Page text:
Becoming Alive Again

Published by FirstUUAdmin on

by Rev Michelle Scott-Huffman

The observance of both Easter and Passover provide an opportunity for us to remember sacred stories that have breathed life into weary people for thousands of years. As we feel the weight of our own weariness, may we be reminded that we, too, can become alive again and those old sacred stories may just help us get there.

The opening words today are Amid All the Noise in Our Lives by Tim Haley.

Amid all the noise in our lives,
we take this moment to sit in silence —
to give thanks for another day;
to give thanks for all those in our lives
who have brought us warmth and love;
to give thanks for the gift of life.
We know we are on our pilgrimage here but a brief moment in time.
Let us open ourselves, here, now,
to the process of becoming more whole —
of living more fully;
of giving and forgiving more freely;
of understanding more completely
the meaning of our lives here on this earth.

Moment of Perspective – Easter and Earth Day by AJ Fox

Prelude in G Major
by J. S. Bach
Public Domain
performed by Eva Riebold

Our Prelude this week is from that most prolific composer of sacred and secular music, J. S. Bach. This is traditional Easter weekend so he seems most appropriate. This particular piece appealed to me because it is sweet and joyful and springlike.

– Eva Riebold, Pianist

This is What Democracy Looks Like
Words and Music by Elizabeth Alexander
Written Especially for the Justice Choir Project
Performed by the First UU Choir, Accompanied by Eva Riebold

Choir members:

Everything about this makes me emotional, and I hope you enjoy all of this: choir members and friends meeting up outdoors with masks to minimize the risk of spreading COVID, the sight of our building and grounds, wind and traffic sounds, and a strong pro-democracy message.

This is a simple little song, composed especially for the Justice Choir project, meaning it’s meant to be easy to teach and learn so that you can easily add group singing to protest marches. And while it’s a simple song, it carries a lot of meaning for me this week. My journey as a UU has helped me connect my deepest held values to my actions in the world. I didn’t care all that much about our local elections until I encountered this faith and really made the connection between living up to our principles and values in daily life and the kind of community we get to share. It matters who is on our school board and our city council. It matters that we make our voices heard. It matters that we show up and stay loud at a time when democracy itself appears to be under siege. So this moment of our choir singers coming back together is meant to serve as your reminder and encouragement to get out and vote on April 6th. You can view the sample ballot ahead of time here:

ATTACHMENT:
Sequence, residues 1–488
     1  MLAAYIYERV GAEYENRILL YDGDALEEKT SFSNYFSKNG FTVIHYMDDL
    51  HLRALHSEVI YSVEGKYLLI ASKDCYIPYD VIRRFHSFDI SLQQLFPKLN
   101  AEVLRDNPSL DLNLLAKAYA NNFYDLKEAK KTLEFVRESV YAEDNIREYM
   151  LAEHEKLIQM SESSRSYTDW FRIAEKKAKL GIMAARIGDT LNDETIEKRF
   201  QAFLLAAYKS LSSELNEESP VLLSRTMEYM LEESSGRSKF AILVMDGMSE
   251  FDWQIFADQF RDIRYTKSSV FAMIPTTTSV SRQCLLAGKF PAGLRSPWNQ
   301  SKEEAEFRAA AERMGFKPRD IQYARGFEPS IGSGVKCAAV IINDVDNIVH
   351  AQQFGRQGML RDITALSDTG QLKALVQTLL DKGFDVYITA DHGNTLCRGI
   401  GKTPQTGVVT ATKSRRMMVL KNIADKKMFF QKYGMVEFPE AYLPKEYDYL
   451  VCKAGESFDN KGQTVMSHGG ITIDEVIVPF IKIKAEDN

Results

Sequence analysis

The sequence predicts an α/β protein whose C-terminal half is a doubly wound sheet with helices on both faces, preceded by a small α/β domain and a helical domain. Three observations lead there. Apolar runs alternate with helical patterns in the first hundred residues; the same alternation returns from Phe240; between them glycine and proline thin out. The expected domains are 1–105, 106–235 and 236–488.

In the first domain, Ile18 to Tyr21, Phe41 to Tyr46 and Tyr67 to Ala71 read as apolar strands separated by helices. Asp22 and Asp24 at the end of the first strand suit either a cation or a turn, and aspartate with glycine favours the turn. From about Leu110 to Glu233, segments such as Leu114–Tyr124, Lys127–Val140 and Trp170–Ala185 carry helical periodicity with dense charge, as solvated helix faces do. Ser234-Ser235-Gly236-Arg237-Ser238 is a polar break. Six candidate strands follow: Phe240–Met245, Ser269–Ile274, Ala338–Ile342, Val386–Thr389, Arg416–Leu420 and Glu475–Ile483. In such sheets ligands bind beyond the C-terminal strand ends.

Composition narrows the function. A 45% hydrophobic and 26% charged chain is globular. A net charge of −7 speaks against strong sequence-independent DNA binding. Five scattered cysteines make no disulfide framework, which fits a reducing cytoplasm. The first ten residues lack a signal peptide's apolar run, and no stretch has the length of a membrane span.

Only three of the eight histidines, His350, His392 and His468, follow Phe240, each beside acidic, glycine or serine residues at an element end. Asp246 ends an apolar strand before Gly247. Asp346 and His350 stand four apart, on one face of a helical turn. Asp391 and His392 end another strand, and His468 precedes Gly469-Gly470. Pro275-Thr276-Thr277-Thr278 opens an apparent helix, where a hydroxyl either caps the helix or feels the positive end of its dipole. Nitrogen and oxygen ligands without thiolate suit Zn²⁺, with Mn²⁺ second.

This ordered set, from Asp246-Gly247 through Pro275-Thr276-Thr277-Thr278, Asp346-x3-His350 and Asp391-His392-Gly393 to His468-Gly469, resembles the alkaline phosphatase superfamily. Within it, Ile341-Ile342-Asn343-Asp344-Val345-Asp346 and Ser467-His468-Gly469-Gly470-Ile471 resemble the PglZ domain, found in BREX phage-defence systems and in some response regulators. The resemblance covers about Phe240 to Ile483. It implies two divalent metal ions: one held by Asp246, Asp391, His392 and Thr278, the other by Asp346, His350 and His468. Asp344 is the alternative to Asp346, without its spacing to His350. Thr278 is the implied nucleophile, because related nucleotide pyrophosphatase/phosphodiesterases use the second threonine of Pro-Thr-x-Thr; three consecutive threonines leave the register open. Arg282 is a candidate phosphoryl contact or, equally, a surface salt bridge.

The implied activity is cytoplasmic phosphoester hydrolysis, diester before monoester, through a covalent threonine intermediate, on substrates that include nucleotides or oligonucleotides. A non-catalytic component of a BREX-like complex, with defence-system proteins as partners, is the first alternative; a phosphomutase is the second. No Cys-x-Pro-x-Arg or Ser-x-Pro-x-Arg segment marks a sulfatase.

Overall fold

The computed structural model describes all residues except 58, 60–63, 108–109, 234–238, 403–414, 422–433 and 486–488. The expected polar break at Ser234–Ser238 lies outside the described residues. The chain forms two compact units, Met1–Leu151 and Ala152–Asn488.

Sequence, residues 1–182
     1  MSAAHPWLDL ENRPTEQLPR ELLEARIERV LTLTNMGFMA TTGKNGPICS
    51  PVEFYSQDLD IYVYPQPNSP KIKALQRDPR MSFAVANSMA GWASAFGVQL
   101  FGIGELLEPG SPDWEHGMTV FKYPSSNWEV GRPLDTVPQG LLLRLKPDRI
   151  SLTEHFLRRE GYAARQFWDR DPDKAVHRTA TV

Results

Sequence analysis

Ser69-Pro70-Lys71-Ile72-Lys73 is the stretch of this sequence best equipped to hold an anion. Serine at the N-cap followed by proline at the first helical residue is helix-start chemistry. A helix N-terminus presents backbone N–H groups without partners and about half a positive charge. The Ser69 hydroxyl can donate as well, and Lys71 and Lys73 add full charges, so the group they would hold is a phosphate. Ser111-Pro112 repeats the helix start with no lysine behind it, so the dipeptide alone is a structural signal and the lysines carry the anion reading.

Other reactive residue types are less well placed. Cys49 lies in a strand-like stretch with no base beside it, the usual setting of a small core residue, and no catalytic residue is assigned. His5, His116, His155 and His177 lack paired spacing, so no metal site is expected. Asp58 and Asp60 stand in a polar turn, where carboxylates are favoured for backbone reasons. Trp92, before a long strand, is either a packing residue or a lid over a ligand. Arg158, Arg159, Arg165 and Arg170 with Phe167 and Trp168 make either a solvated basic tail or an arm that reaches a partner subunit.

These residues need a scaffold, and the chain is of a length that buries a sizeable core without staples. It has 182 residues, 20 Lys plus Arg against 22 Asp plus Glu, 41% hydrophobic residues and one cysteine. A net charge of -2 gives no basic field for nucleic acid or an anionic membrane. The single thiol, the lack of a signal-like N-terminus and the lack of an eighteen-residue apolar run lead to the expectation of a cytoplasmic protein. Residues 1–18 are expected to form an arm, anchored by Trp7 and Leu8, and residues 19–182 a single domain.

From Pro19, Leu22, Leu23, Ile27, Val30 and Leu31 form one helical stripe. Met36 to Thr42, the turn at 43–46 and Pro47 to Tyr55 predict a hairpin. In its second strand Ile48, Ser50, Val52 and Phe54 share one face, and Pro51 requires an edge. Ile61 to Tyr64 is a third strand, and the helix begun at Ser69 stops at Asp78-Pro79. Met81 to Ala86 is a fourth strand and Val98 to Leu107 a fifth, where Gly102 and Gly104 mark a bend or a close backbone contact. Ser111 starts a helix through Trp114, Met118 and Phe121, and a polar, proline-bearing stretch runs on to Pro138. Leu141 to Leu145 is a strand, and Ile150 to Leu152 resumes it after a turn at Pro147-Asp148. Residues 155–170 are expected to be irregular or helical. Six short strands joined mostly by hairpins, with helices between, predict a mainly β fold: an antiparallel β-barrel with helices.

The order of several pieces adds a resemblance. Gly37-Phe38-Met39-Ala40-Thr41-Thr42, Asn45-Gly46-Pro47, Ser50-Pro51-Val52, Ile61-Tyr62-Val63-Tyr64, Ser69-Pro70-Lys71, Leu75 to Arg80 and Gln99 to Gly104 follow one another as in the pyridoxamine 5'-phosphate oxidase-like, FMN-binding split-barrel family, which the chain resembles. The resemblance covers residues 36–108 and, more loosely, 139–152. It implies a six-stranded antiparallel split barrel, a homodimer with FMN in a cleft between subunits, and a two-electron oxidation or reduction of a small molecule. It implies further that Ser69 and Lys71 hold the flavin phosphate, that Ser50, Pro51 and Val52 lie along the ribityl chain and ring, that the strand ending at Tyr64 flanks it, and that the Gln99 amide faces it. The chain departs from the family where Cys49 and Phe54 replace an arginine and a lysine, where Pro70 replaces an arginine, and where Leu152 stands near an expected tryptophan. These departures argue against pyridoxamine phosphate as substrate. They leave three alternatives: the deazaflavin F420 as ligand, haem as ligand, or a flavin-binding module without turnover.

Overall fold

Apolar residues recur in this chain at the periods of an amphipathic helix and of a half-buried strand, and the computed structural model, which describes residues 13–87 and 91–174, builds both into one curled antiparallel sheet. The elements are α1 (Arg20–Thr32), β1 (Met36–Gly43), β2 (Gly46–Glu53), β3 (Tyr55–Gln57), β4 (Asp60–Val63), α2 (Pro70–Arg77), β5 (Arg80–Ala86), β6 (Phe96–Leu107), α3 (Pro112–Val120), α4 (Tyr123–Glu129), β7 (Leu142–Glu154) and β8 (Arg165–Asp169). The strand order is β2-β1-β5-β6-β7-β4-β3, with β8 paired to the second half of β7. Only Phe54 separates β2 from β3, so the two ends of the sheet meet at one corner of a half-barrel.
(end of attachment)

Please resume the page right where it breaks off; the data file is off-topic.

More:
This moment of coming back also felt like something of a rebirth of so much of what has lain dormant during the last year, and I can’t think of a more appropriate feeling for Easter Sunday when we contemplate what rebirth might mean for us through many different lenses. Yes to choir participation! Yes to local election participation! Yes to music by women composers and singing our values outdoors for everyone to hear! Yes to spring and Easter and all things having a chance at renewal if we do the work.

– Emily McKinney, Music Director

Moonlight Sonata
By Ludwig Van Beethoven
Public Domain Work
Performed by Rebecca Holt

One of the things I love most about First UU is that we have such a strong community of talented musicians who are so willing to share their music with us, and that we can look forward to truly gorgeous performances of great classical music on special occasions like Easter. I give thanks a surprising amount that we’re not somewhere that we’d be obligated to learn an Easter Cantata every year. I’m especially moved to see Rebeca, a beloved member of this congregation, sitting behind our wonderful piano. Sights like this really do give me hope for the future.

Rebecca shares the following biographical information about Beethoven and this work:
“Although it being a great misfortune and aggravation, Beethoven’s greatest work was accomplished after he had become deaf. His genius and geniality as an artist and his noble generosity won the hearts of the music lovers and caused them to condone his freaks. His entire life, of course, was confined to music as an orchestra leader, pianist, and composer, and his compositions are without question the finest and greatest. He is still recognized as the greatest composer of instrumental music of all times, and even in vocal music, his “Fidelio” and the “Missa” Solemnis are creations of unique power. His works comprise 138 opus numbers and about 70 unnumbered compositions. To know Beethoven, you must know his Moonlight Sonata.”

Go Now in Light
Written by Emily McKinney
Performed by Emily McKinney and Persephone Hamburg

In honor of National Poetry Month, our closing words are Easter Morning in Wales by David Whyte.

A garden inside me, unknown, secret,
neglected for years,
the layers of its soil deep and thick,
trees in the corners with branching arms
and the tangled briars like broken nets.

Sunrise through the misted orchard,
morning sun turns silver on the pointed twigs,
I have woken from the sleep of ages and I am not sure
if I am really seeing, or dreaming,
or simply astonished
walking towards sunrise
to have stumbled into the garden
where the stone was rolled from the tomb of longing.